This picture is said to be the place in the Jordan River where John baptized Jesus. Hundreds of thousands of visitors have required the Israeli government to make some changes for the sake of safety and convenience and, no doubt, to protect the environment from the crush of humanity descending on it each year. As a result, the scene is more reminiscent of a big city bus station than the location of one of the most remarkable scenes in the New Testament. What’s missing is a sense that Mark hints as he leads us to the scene, captured best, perhaps, by the ASV: “John the Baptist appeared in the wilderness…” The word “appeared” brings a magician to mind, a stage performer who surprises the audience by making something appear out of nothing, with no explanation. And what strikes me about that is the way a really great trick makes the audience feel: surprised, astonished, astounded. We know it’s a practiced trick, but if we give ourselves over to the moment we are confronted with the rare experience of mystery and wonder. We are confronted with the notion that there are powers and forces at work that are larger than our lives, larger than our carefully constructed world. Mark doesn’t explain John’s arrival on the stage of history. Instead, he simply appears. The Israelites are surprised, astonished, astounded
And where he ‘appears’ is worth noting as well – “in the wilderness”. John’s place in the Jordan is no accident. This is the river that marked the boundary between the Jews wandering in the wilderness and entering into God’s promised rest. This was a place rich in symbolism and meaning for the Jewish people, as was the act of baptism. Well known to the Jews, the act of baptism signified a completion of cleansing from sin and allowed one to re-enter the community from which their sin excluded them. John combines these to offer a potent symbolic act as he compels the faithful to seek forgiveness of sin, to re-enter their relationship with God and become, once more, full participants in God’s plan for the nation. In other words, he is offering them a chance to begin anew and, in that act, he presages the ‘born-again’ experience.
But there’s something else, besides the sense of astonishment, which we are missing as we consider Christ’s baptism. Take another look at the photograph above. The shoreline appears to have been cut back into the curved shape it now assumes. Stone walls have been erected. Pathways have been paved, fences erected to stop people from falling – or from traveling out into the river itself. There are handrails for safety. And therein lies the difficulty for us as we consider this moment in Christ’s life this week. Safety.
The wilderness is not a safe place. If one’s intent is to maintain the status quo of their life – or continue in the direction one was traveling – then John the Baptist was not necessarily a safe person. Nor, for that matter, could one say that Jesus is ‘safe’. We find it hard to imagine John in a robe of camel’s hair, with long matted hair, dirty, unshaven, standing waist deep in the water and bellowing at the people to repent of their sin. Should we see the same figure on a street corner downtown we would immediately ensure that the car doors are locked, tell the children not to look and drive away, quickly. The Israelites, however, recognized him as a prophet, thereby increasing the ‘danger’ of hearing to his message. If one wanted their life to continue as it was then going out in the wilds of the desert to listen to some bellowing, bug-eyed prophet preach could hardly be conducive to that goal. God had come to talk with his people, and he was making demands.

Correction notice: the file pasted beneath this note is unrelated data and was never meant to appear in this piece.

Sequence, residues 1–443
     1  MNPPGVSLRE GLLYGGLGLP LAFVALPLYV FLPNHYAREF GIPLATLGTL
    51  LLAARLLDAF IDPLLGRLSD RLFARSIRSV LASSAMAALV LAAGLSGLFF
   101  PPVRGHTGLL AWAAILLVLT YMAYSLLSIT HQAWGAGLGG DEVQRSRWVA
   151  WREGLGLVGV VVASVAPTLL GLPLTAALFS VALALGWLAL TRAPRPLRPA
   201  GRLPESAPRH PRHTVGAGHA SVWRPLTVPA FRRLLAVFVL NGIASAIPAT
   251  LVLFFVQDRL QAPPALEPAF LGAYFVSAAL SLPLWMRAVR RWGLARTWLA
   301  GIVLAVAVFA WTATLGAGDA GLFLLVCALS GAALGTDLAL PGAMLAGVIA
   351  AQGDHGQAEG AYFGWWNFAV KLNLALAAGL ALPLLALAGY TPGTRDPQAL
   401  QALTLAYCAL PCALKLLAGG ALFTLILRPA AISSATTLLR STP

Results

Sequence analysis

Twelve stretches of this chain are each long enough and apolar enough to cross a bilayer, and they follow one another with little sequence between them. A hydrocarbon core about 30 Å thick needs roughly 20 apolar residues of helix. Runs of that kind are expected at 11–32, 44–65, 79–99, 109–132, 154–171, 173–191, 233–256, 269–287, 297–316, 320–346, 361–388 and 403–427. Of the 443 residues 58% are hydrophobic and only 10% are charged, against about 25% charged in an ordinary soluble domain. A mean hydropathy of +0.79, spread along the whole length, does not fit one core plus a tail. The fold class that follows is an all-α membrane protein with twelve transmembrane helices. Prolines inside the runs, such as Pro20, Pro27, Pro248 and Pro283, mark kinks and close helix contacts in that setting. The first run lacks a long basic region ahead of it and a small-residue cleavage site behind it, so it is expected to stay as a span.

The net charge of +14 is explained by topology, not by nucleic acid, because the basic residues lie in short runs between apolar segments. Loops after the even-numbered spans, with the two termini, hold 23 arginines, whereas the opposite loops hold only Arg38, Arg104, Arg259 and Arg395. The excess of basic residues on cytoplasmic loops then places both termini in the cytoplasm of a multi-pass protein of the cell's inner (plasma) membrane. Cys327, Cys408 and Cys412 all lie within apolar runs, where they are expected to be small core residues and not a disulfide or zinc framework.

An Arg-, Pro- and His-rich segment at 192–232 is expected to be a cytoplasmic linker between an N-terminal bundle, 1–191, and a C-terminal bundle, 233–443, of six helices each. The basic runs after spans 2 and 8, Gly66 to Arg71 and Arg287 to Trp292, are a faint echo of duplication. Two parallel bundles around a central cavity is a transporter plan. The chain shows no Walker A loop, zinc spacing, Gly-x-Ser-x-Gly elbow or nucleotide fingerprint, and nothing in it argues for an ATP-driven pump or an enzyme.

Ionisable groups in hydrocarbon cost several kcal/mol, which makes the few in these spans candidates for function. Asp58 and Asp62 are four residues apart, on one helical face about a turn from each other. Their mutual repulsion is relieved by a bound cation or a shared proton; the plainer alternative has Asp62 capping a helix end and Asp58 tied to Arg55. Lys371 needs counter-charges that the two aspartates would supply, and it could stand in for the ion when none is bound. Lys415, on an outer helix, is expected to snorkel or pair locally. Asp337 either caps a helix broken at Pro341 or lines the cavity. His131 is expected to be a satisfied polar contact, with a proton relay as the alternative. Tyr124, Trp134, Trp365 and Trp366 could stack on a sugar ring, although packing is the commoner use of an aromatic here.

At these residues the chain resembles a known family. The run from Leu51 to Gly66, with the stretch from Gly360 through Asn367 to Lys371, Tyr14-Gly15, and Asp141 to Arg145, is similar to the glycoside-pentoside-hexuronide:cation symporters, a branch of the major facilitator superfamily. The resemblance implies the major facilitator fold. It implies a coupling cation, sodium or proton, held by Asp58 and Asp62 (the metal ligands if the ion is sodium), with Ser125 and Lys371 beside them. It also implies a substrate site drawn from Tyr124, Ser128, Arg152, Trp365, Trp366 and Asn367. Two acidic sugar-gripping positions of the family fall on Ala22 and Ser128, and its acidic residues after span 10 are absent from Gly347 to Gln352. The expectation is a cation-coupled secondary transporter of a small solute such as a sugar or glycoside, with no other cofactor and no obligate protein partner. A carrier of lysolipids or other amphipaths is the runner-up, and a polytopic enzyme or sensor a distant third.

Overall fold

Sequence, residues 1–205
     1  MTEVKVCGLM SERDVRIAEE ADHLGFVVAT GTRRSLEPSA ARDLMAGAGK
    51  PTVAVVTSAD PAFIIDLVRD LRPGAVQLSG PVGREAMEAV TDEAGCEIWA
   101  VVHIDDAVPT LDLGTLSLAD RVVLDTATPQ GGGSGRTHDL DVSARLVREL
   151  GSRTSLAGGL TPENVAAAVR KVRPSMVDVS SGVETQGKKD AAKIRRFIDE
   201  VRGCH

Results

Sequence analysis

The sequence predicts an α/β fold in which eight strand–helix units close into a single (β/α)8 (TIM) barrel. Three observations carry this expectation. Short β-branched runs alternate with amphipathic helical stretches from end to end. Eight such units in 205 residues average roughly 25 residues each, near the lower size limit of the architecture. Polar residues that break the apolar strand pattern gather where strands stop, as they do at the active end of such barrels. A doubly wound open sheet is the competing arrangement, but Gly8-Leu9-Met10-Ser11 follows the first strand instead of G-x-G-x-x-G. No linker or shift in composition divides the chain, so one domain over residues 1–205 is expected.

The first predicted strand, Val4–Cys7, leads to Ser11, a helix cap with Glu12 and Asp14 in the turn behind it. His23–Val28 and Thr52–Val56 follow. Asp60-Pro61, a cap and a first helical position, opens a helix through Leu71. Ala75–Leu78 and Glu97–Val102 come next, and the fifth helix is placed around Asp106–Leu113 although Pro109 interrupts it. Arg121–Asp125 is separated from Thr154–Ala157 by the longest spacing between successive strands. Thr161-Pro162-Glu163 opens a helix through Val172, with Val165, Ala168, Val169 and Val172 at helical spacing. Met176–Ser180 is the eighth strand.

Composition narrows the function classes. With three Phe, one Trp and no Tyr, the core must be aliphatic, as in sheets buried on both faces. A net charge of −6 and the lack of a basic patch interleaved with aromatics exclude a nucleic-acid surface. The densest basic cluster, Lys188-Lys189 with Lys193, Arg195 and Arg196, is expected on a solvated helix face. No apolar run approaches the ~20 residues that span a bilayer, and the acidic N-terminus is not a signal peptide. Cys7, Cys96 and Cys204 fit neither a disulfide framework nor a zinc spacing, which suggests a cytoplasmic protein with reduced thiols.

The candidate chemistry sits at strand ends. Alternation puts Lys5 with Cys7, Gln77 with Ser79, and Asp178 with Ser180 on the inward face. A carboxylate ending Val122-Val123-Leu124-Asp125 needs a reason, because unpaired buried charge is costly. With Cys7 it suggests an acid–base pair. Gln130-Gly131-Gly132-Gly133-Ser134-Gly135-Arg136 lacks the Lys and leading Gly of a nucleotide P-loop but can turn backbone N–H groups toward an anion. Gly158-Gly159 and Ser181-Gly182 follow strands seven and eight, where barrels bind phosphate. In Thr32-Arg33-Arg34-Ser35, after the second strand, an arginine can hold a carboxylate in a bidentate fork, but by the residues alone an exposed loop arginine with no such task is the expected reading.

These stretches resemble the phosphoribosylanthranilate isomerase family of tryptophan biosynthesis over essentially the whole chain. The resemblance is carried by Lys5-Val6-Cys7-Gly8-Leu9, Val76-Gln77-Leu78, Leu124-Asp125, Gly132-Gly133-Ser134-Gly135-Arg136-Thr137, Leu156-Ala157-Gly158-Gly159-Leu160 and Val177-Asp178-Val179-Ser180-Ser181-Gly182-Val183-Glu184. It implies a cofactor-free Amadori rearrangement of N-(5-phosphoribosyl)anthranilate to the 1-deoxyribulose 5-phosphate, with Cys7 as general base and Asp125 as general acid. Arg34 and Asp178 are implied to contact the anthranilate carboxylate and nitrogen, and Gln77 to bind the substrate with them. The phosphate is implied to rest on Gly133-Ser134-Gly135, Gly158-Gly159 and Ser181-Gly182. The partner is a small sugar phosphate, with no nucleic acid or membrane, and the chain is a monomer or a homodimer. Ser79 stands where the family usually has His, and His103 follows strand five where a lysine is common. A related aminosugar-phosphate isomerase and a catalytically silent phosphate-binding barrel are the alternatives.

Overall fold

And consider the ferocious wildness of the act of baptism. In the beginning of all creation, we are told, the Spirit of God hovered over the waters. And here we are, standing in the Jordan River, standing in the water, about to be plunged beneath its timeless current, plunged into death. We willingly, advisedly, enter into death itself, enter into the primordial chaos of the universe, with nothing but the hope that we will be raised again. And isn’t it just like us to try and tame that ferocious wildness? Isn’t it just like us to build a baptismal font, or a tank at the front of our church, with its Plexiglas strip to protect the carpet from splashes? Isn’t it just like us to require that there be handrails, and paved walkways, and fences to limit the risk?
In the midst of this wildness Jesus is revealed. It is here, in this pivotal place in the history of the Jewish people, in the waters that divide their spiritual wanderings and their spiritual home, Christ appears. The Father, Son and Spirit, present in the waters of creation, meet in the waters of baptism. The Spirit, in the form of the dove – the same bird that signified Noah’s flood waters had receded – descends on Jesus. And here, in this moment, the word of God’s love and grace is spoken as he affirms his love for his Son.
And we mustn’t allow our fear of the act, of the demands that God might place upon us, or the very public nature of baptism to dissuade us from participating in this witness to death and rebirth. For it is in this moment that the presence of Christ – in our lives and in our world – is revealed to our community. It is a pivotal moment and a pivotal place in our lives, one that marks a boundary between the old way of life and the new. And in it, Jesus is present, the Holy Spirit is present, and the love and grace of God is spoken aloud. And this too, is part of what we celebrate in Baptism, and in the Theophany.
Image from Wikimedia Commons